Last December, the Quebec Court of Appeal set the record straight regarding the number of occurrences under a fidelity bond[1].

The decision dealt with an insured, Comité paritaire de l'industrie des services automobiles de la région de Montréal ("CPA"), which became aware of a fraud committed by one of its employees: its director of financial services and material resources created three different accounts in which he deposited substantial sums qualified as vacation pay. He then instructed a third party payroll company to issue cheques made payable to him. From 1988 to 2009, nearly $2m were diverted.

CPA was insured by Northbridge General Insurance Corporation ("Northbridge") under a policy, which was renewed from 1998 to 2009. Each of the policies included fidelity coverage. Following the discovery of the fraud, CPA notified Northbridge of the loss and sought an indemnity under the policies' fidelity coverage.  When Northbridge denied coverage, CPA filed an action in which it claimed the payment of an indemnity of over $1m, representing the sums stolen by its employee during the multiple policy periods.

At trial, Northbridge contended that the embezzled money was excluded. According to the policies, the insurer agreed to indemnify the insured for any loss of money due to the actions of a dishonest employee who had the manifest intent to gain financial benefits other than salaries, commissions, fees, compensatory salaries or any other benefits earned by the employee in the normal course of employment. As the embezzled money was made out to the dishonest employee as vacation pay, Northbridge argued that the loss was excluded.  

This argument was rejected on the fact that the embezzlement of funds by the employee was held not to have been perpetrated “in the normal course of his employment”. The trial judge held that there was nothing "normal" in the planning and execution of the scam.

Northbridge was however successful in arguing that CPA was only entitled to one policy limit of $100,000 per occurrence on the basis that the fraud constituted a single occurrence, even though the employee's fraudulent actions were perpetrated over nearly eleven years during which fidelity coverage was provided. The trial judge concluded that the policy clearly and unambiguously stipulated that a series of fraudulent acts will be considered as a single occurrence, and awarded the insured the sum of $100,000.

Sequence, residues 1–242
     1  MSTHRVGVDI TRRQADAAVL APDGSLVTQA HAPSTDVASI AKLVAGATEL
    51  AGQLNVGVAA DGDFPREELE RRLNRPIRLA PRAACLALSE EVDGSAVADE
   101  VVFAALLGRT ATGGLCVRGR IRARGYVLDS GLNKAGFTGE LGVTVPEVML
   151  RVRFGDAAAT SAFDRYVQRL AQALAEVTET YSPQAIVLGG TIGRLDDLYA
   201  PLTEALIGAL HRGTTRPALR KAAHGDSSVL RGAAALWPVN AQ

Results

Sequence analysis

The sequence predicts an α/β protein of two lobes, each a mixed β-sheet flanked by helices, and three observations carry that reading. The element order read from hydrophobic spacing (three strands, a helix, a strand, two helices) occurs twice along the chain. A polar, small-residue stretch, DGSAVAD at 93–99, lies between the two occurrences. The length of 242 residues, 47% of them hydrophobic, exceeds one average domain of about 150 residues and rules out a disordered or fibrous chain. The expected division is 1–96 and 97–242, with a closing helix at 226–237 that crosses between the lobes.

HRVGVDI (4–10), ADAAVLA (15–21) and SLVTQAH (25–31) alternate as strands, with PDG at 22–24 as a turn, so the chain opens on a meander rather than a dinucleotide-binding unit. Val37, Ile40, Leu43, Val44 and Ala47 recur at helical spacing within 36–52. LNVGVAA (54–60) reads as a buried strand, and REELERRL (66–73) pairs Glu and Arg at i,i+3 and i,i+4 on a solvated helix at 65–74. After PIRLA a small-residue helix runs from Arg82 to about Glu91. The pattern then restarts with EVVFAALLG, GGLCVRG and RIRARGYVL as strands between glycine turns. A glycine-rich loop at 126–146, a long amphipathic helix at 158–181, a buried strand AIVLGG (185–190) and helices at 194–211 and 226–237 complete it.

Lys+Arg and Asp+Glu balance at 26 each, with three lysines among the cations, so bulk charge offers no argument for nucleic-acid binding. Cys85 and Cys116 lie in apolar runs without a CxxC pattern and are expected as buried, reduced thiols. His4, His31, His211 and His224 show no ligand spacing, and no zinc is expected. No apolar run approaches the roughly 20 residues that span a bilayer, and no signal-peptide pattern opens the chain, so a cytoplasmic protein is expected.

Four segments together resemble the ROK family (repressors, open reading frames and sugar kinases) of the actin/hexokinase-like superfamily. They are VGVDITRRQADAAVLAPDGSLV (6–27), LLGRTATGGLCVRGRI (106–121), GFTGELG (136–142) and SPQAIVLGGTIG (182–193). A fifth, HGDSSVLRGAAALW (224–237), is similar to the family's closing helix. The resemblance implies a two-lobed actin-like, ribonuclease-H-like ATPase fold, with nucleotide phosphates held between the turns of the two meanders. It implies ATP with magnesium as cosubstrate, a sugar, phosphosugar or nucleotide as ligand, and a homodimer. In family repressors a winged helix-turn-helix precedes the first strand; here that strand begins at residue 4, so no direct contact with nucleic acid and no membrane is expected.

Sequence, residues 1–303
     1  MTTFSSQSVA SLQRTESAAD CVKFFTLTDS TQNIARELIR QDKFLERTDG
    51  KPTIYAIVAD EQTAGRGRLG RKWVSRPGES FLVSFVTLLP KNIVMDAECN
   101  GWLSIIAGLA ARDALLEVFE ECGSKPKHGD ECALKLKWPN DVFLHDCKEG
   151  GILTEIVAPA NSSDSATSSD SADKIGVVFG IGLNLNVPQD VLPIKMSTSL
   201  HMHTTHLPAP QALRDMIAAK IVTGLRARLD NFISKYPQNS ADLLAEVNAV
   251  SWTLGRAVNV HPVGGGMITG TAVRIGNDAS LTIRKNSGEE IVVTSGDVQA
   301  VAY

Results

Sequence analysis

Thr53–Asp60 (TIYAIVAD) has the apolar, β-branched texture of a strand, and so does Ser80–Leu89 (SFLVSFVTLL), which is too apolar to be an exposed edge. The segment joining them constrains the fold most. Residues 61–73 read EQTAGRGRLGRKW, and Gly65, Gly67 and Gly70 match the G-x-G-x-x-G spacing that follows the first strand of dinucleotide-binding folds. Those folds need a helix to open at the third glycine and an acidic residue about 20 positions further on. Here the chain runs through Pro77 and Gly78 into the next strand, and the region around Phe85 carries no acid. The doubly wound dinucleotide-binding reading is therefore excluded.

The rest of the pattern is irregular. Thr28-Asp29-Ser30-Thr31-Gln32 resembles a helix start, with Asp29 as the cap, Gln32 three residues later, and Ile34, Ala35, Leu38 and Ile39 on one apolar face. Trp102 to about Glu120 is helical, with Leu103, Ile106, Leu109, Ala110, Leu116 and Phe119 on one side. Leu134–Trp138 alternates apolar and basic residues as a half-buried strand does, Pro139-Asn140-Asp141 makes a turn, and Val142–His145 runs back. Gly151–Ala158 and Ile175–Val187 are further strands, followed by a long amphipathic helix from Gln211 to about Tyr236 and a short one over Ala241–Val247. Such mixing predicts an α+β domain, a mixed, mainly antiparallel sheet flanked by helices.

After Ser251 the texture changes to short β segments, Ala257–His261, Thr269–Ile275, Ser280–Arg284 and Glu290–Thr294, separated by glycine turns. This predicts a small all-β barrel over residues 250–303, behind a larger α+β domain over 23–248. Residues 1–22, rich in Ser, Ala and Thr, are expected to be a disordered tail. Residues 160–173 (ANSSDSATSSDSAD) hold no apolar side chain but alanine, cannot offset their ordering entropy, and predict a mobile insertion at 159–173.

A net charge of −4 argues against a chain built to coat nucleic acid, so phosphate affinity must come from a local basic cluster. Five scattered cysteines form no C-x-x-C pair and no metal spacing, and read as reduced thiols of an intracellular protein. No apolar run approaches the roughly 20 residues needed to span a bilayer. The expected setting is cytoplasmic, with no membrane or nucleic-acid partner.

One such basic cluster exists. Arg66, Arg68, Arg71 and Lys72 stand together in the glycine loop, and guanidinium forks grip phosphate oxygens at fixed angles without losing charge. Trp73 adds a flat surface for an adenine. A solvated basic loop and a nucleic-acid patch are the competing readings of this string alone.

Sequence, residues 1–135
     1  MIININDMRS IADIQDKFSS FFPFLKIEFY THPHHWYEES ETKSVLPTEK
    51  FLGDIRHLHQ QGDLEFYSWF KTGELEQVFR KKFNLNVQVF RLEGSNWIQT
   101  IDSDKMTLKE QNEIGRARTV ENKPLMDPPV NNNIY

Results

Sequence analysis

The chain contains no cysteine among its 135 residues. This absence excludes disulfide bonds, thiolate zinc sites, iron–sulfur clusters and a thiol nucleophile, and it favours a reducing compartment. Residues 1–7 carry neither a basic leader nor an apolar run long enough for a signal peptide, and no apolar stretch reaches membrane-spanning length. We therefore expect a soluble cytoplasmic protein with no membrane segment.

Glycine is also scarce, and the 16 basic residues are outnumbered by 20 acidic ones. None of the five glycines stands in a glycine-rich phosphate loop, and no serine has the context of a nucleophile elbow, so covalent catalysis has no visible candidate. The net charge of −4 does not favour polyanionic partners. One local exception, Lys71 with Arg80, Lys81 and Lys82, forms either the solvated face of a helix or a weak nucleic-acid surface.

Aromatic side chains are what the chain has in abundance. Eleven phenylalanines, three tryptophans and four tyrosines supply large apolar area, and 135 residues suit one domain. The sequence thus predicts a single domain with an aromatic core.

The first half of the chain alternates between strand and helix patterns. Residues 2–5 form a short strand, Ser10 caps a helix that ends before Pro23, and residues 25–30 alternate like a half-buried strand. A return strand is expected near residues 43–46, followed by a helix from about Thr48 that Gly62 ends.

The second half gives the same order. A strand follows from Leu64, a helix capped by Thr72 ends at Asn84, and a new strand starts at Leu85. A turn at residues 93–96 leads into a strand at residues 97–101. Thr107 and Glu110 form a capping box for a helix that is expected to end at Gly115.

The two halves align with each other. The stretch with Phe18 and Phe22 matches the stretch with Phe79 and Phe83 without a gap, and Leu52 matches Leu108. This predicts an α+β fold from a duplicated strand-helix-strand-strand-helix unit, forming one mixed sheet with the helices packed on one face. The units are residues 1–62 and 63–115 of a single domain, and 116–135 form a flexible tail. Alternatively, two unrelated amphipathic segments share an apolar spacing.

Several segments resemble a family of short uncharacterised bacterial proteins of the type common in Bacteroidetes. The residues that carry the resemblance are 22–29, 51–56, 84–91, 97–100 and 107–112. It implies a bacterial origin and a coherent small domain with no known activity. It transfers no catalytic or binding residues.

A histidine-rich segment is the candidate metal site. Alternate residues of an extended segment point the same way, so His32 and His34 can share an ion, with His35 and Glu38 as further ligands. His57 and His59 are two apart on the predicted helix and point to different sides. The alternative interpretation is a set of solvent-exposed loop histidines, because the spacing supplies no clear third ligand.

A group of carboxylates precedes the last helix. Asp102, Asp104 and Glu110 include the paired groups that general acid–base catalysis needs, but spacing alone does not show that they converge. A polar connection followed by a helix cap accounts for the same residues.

Both parties appealed. CPA contended that the judge erred in finding that the fraud constituted a single occurrence. Northbridge argued that the trial judge erred in refusing to apply the exclusion regarding financial benefits earned in the normal course of employment.

The Court of Appeal dismissed Northbridge’s arguments. It held that the exclusion could not apply to the dishonest act of an employee which took advantage of his position in the insured's organization to conceal the fraudulent deposits, but was rather intended to prevent coverage for claims in cases of employer-employee quarrels involving entitlement to salary, commission or benefit, i.e. risks that are under the internal control of the insured. As the so-called vacation pay at issue constituted ill-gotten gains for the employee, they were found to not be within the purview of the exclusion clause.

The Court of Appeal reviewed the policy and held that the fidelity coverage offered one limit of $100,000 per occurrence. "Occurrence" was defined as a "loss caused by, or involving, one or more "employees", resulting from a single act or a series of acts". The policy further stipulated that "if an employee perpetrates many thefts or diversions that are similar or related, or if more than one employee are involved therein, [the insurer] will consider those acts as a single loss" and contained a non-stacking provision where an occurrence takes place in consecutive policy periods. Accordingly, the Court found that the trial judge did not err in awarding the indemnity of $100,000 to CPA.

In its reasons, the Court referred to the British Columbia Court of Appeal decision in Kofsky v. Zurich Insurance Company, 2000 BCCA 664, which found that such a limitation to coverage is just and reasonable since "[t]he risk that the insured may be the subject of a long term scheme of fraud by an employee properly belongs to the insured because the employer is in the best position to prevent or discover employee dishonesty."  Consequently, CPA's appeal was also dismissed.

In light of this decision, you must as an employer keep your eyes peeled, and check your fidelity coverage limits!